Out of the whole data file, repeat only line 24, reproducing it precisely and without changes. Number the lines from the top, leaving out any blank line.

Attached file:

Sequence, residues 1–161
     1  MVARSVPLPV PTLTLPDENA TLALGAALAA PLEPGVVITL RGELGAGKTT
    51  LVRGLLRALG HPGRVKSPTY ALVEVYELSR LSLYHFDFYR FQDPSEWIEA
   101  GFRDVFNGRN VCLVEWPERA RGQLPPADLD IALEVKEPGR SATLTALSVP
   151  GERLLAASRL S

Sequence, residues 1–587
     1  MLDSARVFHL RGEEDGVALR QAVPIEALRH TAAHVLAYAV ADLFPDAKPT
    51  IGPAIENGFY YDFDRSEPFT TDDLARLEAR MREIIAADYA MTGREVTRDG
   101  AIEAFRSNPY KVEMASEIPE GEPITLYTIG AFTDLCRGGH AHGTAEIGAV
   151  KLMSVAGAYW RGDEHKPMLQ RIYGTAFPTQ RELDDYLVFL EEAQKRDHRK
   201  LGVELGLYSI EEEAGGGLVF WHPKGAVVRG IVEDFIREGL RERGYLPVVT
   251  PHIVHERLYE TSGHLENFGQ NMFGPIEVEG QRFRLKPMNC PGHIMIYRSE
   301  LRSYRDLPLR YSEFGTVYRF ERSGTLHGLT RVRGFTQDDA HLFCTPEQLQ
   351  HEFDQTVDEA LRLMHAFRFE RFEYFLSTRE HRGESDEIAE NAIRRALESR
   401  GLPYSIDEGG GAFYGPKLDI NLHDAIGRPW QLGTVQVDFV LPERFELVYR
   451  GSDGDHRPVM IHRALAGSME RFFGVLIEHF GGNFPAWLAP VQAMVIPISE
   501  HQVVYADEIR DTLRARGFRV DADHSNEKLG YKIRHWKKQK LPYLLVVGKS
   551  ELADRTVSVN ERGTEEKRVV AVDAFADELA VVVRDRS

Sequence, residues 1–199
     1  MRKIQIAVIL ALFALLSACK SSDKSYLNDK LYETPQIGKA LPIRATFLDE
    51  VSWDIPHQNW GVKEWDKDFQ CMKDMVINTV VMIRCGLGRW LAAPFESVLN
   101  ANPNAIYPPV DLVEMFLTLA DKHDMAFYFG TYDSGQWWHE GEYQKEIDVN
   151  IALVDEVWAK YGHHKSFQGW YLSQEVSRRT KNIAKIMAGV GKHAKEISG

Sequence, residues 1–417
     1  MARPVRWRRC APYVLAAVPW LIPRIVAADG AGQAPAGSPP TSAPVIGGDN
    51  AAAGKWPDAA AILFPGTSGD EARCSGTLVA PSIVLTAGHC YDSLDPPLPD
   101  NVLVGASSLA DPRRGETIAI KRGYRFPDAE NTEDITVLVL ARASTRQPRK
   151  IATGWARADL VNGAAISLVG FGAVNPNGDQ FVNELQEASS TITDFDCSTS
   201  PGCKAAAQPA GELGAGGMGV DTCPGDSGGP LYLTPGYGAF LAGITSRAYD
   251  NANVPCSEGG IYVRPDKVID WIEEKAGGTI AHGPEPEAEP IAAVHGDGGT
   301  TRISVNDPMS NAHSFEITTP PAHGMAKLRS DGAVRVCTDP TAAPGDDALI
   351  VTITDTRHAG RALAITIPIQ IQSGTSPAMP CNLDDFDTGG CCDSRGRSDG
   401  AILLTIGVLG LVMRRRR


Sequence, residues 1–417